in The wounds of nations
Exclusions and exchanges in the history of European horror
Peter Hutchings

particular, both British and Italian horror cycles. 2 However, from another perspective, one that is expressed very clearly by 100 European Horror Films , British horror is a much less welcome presence in the world of European horror, and indeed its exclusion helps to underpin in a fundamental way a sense of what European horror actually is. In the face of this exclusion, this chapter seeks to identify and characterise the relationship between British horror cinema and European horror cinema, and

in Hammer and beyond
Abstract only
Russ Hunter

experts in horror cinema. What would he be like? Would he pick apart every argument I’d tried to make? Would I end up running from the exam with my academic tail between my legs? I phoned a friend, who had recently had his PhD examined by Peter, to see what he was like. I needn’t have worried. When my viva finally arrived, I found Peter to be astute and searching in his line of questioning, but keenly interested to talk about my work because discussions about horror cinema genuinely interested him. He was

in Hammer and beyond
An introduction
Richard J. Hand and Jay McRoy

why horror film narratives remain a consistently successful source for adaptations, be they generic or thematic, in horror cinema, one need consider horror’s relation to the broad concept of myth . In his seminal study In Frankenstein’s Shadow: Myth, Monstrosity, and Nineteenth-Century Writing , Chris Baldick makes use of the concept of ‘myth’ à la Claude Lévi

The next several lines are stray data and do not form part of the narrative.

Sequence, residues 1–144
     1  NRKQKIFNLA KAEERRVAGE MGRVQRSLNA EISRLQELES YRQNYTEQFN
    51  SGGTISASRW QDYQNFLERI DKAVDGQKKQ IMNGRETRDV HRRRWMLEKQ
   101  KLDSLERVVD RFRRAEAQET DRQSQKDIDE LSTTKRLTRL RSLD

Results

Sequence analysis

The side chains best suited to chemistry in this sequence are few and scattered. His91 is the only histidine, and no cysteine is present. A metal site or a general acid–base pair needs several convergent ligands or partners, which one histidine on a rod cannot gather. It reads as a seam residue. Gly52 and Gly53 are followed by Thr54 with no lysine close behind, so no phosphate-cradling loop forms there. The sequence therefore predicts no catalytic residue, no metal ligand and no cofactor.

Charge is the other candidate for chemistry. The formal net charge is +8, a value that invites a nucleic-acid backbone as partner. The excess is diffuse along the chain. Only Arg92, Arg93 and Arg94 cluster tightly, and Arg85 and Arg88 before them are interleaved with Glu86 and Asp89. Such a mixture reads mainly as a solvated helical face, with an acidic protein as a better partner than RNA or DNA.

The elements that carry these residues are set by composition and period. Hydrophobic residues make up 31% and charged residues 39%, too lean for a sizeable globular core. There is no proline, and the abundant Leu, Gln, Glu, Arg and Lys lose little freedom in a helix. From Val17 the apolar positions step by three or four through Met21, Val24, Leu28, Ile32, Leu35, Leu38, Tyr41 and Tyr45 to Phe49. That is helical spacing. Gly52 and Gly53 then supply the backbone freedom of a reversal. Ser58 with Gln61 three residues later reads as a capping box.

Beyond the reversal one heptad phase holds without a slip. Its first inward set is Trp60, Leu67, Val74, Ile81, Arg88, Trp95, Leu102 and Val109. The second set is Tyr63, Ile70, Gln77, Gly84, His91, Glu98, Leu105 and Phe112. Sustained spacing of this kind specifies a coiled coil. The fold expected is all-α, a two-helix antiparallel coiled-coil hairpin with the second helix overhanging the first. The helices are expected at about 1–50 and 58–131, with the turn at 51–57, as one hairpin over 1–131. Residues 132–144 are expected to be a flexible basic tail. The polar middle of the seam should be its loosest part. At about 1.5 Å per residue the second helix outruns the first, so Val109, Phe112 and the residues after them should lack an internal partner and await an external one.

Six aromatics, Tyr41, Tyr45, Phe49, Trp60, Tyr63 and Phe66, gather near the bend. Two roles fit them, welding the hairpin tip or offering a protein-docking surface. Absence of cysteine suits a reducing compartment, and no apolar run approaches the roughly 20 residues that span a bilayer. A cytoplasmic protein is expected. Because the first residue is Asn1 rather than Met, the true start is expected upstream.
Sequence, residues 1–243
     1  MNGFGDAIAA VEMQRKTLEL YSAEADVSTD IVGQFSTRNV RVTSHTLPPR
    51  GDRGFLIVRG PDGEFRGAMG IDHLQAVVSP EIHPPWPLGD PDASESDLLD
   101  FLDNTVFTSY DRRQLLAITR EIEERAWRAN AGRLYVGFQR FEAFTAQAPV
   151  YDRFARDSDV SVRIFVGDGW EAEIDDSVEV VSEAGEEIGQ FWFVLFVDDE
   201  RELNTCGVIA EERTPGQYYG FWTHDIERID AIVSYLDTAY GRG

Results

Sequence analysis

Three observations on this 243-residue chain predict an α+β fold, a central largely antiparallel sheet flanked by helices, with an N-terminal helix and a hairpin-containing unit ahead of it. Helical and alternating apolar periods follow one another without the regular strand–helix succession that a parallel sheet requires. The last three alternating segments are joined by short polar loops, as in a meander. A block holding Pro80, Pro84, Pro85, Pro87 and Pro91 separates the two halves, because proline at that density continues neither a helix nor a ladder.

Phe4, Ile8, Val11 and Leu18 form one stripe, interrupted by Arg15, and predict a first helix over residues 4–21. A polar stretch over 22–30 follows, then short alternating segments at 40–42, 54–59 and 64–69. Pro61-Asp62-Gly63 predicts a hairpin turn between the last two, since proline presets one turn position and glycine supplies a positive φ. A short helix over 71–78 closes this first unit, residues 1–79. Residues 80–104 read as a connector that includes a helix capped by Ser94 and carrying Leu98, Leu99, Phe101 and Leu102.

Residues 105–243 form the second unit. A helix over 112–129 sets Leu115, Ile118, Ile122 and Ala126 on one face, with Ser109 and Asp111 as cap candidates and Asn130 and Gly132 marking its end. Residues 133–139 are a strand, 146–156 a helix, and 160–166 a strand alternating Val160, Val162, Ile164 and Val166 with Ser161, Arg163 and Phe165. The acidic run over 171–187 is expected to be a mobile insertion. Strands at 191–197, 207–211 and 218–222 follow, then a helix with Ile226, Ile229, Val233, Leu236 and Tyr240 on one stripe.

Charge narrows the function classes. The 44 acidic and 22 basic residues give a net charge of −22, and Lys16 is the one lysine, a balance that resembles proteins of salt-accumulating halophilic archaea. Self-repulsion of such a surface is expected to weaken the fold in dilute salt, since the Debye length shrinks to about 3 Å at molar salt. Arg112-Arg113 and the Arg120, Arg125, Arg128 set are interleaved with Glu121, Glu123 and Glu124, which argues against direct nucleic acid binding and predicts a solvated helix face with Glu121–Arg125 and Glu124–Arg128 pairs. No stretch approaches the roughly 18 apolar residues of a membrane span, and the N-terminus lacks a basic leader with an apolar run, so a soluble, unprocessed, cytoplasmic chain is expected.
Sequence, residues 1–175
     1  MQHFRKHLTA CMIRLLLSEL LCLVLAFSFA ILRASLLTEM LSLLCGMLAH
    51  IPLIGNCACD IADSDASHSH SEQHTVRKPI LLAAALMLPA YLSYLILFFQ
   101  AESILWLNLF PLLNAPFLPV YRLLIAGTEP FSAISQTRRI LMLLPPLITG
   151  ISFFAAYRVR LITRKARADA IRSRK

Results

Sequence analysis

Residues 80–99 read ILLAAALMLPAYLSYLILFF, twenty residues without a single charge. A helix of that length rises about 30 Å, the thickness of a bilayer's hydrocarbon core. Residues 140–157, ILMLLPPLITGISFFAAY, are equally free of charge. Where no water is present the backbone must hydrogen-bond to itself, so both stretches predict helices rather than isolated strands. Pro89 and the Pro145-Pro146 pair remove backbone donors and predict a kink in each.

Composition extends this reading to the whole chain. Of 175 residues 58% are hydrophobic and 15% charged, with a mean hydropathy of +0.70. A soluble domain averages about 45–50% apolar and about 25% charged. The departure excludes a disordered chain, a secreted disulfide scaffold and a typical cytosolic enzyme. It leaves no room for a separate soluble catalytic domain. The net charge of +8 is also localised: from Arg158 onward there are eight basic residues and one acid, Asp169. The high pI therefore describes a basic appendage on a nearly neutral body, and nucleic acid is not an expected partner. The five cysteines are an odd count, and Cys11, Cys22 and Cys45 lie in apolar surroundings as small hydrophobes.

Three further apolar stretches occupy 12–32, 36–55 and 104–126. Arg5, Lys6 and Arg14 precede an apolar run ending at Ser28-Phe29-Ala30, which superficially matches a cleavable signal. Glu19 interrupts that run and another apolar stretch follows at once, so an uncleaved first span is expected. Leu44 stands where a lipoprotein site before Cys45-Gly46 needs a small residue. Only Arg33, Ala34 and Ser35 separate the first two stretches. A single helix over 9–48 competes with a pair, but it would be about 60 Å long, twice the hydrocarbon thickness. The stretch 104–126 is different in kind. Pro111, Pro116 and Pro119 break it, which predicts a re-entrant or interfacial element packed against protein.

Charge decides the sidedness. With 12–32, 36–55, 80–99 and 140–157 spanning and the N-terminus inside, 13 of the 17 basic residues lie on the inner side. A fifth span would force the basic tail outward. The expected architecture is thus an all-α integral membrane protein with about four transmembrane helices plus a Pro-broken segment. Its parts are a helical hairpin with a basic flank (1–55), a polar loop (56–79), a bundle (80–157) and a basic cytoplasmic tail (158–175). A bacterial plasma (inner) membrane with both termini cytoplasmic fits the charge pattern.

in Monstrous adaptations
Abstract only
Traumatic events and international horror cinema
Linnie Blake

Introduction: traumatic events and international horror cinema In a catastrophic age … trauma itself may provide the very link between cultures: not as a simple understanding of the pasts of others but rather, within the traumas of contemporary history, as our ability to listen through the departures we have all taken from ourselves.1 Horror is everywhere the same.2 Since the late 1970s psychoanalytically informed and often Holocaust-focused academics have brought into being an interdisciplinary area within the Humanities known as Trauma Studies. Broadly

in The wounds of nations
Abstract only
From Dead of Night to The Quatermass Experiment
Peter Hutchings

which perverse sexuality – in the form of the Glueman, an apparently deranged magistrate who pours glue into the hair of various women – was seen as an integral part of rural life. 6 It is clear then that, while not without its precursors, Ealing Studios’ Dead of Night (Alberto Cavalcanti, Charles Crichton, Basil Dearden, Robert Hamer, 1945) is the first important recognisably British horror film. However, to view Dead of Night as marking the ‘birth’ of British horror cinema is rather problematic

in Hammer and beyond
Richard Matheson’s I Am Legend and Hammer’s The Night Creatures
Peter Hutchings

Originally published in Dan North (ed.), Sights Unseen: Unfinished British Films (Newcastle upon Tyne: Cambridge Scholars Publishing, 2008), 53–69. I Am Legend : on (and off) screen ‘Begone! Van Helsing and Mina and Jonathan and blood-eyed Count and all.’ ( The Night Creatures ) The story of the relation between the vampire novel I Am Legend (1954) and horror cinema is, to put it mildly, convoluted. It begins in

in Hammer and beyond